Mosque of Hassan II – Casablanca, Morocco

With a prayer hall that can accommodate 25,000 people, the Mosque of Hassan II is the second-largest religious building in the world after the mosque in Mecca. The complex covers 96,840 sq ft (9,000 sq m), with two-thirds of it built over the sea. The minaret, the lighthouse of Islam, is 656 ft (200 m) high, and two laser beams reaching over a distance of 18.5 miles (30 km) shine in the direction of Mecca. The building was designed by Michel Pinseau and it took 35,000 craftsmen to build it. With carved stucco, zellij tile work, a painted cedarwood ceiling and marble, onyx, and travertine cladding, the mosque is a monument to Moroccan architectural virtuosity.


Moulay Hassan succeeded to the throne of Morocco on the death of his father in 1961. A skillful politician, he alternated liberalizing policies with repression. He introduced the country’s first constitution in 1962 and parliamentary elections in 1963, but the road to reform was rocky. When Spain withdrew from the mineral-rich Western Sahara in 1975, Hassan initiated the Green March, in which 350,000 civilians crossed the border to assert Morocco’s claim to the region. Spain agreed to the transfer of power, but Algerian-backed Polisario Front guerrillas began a violent campaign for independence. A ceasefire was agreed to in 1991 Hassan II died in 1999.


The waterfront Mosque of Hassan II is the crowning glory of the king’s reign. Built for his 60th birthday, the mosque was mainly financed by donations from the Moroccan people. Inside, the massive marble-floored prayer hall sparkles in the glow of Venetian chandeliers. Cedarwood from Morocco’s Middle Atlas range has been shaped and carved to form doors and screens and the paneling of 70 cupolas. Even the sliding roof is painted and gilded. The hammam (traditional bathhouse) is below the prayer hall.


Muslims believe in one God (Allah), and their holy book, the Koran, shares many stories and prophets with the Bible. However, Muslims hold that Jesus was just one in a line of prophets, the last being Mohammed, who brought the final revelation of God’s truth to mankind. Muslims believe that Allah communicated the texts of the Koran to Mohammed through the Archangel Gabriel. Muslims pray five times a day, wherever they may be, and the calls to prayer are broad­cast from the mosque. Those who visit a mosque to pray remove their shoes and wash their feet, head, and hands outside before entering. Inside, women and men pray in separate areas. When praying, Muslims face Mecca in Saudi Arabia.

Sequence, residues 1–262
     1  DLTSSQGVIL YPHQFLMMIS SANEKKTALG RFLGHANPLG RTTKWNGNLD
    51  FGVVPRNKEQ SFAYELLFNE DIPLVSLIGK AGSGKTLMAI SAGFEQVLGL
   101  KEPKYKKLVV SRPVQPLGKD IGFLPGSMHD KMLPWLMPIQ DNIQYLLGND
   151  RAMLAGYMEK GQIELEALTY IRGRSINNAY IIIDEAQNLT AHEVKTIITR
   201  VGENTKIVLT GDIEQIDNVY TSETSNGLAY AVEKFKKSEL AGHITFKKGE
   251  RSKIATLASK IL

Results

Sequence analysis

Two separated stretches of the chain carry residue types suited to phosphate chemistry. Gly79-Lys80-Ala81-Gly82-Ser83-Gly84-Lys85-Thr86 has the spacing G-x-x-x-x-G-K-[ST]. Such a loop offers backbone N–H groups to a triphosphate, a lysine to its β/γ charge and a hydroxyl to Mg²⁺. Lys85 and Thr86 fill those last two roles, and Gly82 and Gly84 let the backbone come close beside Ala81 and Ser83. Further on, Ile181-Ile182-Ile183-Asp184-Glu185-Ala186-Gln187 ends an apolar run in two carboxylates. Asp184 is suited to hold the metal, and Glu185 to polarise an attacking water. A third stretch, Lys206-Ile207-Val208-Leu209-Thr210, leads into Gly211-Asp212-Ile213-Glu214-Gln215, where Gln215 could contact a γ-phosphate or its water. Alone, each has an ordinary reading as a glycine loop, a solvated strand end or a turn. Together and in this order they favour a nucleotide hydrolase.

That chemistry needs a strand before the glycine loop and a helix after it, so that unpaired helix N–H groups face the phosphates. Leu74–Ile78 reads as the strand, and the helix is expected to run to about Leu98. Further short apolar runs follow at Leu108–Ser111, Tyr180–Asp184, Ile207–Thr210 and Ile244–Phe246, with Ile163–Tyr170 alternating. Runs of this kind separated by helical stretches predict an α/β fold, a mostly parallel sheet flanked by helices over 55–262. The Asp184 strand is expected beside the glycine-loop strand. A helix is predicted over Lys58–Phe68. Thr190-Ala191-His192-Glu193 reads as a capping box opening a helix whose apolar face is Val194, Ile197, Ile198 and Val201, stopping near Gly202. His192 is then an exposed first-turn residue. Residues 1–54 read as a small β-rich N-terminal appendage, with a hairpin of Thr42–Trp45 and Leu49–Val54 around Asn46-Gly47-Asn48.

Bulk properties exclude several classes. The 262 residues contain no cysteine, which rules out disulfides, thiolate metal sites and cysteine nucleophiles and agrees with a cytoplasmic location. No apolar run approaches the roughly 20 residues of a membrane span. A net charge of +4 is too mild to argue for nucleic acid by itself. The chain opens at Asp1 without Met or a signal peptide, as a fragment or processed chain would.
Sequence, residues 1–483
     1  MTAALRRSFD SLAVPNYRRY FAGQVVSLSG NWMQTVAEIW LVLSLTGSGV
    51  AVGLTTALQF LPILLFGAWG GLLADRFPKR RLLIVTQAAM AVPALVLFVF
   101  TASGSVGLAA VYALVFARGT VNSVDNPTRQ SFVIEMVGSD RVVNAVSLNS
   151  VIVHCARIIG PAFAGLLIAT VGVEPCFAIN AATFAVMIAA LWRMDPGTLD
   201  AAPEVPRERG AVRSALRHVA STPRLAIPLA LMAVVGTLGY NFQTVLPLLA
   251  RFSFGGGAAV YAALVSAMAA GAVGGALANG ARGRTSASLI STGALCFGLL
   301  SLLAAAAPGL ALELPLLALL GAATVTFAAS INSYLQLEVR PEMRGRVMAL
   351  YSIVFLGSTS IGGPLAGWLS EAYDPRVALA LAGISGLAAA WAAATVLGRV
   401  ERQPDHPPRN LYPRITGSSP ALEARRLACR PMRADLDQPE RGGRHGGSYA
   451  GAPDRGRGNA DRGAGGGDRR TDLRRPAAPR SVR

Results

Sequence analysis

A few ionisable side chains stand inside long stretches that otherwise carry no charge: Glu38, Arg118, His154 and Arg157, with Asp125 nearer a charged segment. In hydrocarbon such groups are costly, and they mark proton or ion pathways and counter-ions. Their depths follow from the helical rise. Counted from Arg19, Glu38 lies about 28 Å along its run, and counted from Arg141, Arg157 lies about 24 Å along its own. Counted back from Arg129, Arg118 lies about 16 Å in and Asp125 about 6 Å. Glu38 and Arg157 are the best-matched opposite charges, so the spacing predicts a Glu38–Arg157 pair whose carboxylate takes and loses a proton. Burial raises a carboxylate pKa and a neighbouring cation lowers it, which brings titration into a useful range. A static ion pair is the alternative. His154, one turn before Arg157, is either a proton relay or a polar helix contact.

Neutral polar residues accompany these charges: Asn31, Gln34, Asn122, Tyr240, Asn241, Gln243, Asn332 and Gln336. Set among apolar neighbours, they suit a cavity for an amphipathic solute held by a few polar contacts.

In a prayer hall, the direction is indicated by the mihrab (a niche in the wall). Kneeling and lowering the head to the ground are gestures of humility and respect for Allah.



Used throughout the building on the columns of the prayer hall, doorways, fountains, and stairs – marble is everywhere. It is also sometimes combined with granite and onyx.



The minbar, or pulpit, located at the western end of the prayer hall, is particularly ornate. It is decorated with verses from the Koran.

Prayer Hall


The vast prayer hall measures 656 ft (200m) by 328 ft (100m). The central part of the roof can be opened to the sky.

Women’s Gallery

Above two mezzanines, and hidden from view, this gallery extends over 57,000 sq ft (5,300 sq m) and can hold up to 5,000 women.



Seen from the exterior, these are double doors in the shape of pointed arches framed by column s. Many are clad in incised bronze.



Its vast size it is thetall est minaret in the world – and exquisite decoration make this an exceptional building.



These are decorated with zellij tile work and framed with marble arches and columns.


Wooden latticework mashrabiya screenwork at tile windows protects those within from prying eyes.

Stairway to tile Women’s Gallery


The stairway features decorative woodcarving, multiple arches, and marble, granite, and onyx columns, arranged in a harmonious ensemble.

Royal Door


This is decorated with traditional motifs engraved on brass and titanium.



The cedarwood-paneled interior of the dome, over the prayer hall, glistens with carved and painted decoration.



Unusually in Morocco, the Mosque of Hassan II is open to non- Muslims on guided tours. It is Important for both sexes to dress modestly when visiting the mosque. Shoes should be removed, and shoulders and knees covered . Men must take off their hats and women are asked to cover their hair with a headscarf.


1980: King Hassan II declares his intention to build a landmark mosque.
1986: Construction begins on the Mosque of Hassan II.
1993: The mosque is finished, four years after the king’s 60th aniversary.

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